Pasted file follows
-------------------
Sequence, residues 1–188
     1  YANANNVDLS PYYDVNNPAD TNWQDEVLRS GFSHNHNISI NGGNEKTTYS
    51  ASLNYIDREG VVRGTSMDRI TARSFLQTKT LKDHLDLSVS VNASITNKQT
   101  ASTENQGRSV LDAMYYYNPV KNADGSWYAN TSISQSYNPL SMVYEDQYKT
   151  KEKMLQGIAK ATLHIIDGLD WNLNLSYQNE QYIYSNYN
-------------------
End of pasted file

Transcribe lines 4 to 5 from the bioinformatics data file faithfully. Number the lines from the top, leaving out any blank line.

   101  ASTENQGRSV LDAMYYYNPV KNADGSWYAN TSISQSYNPL SMVYEDQYKT
   151  KEKMLQGIAK ATLHIIDGLD WNLNLSYQNE QYIYSNYN